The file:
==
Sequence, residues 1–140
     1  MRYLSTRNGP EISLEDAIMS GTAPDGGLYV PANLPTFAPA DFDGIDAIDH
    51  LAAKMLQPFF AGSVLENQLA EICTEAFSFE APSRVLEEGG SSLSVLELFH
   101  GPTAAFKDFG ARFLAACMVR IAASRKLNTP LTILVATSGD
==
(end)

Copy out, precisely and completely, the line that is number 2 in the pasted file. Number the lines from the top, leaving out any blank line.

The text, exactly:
     1  MRYLSTRNGP EISLEDAIMS GTAPDGGLYV PANLPTFAPA DFDGIDAIDH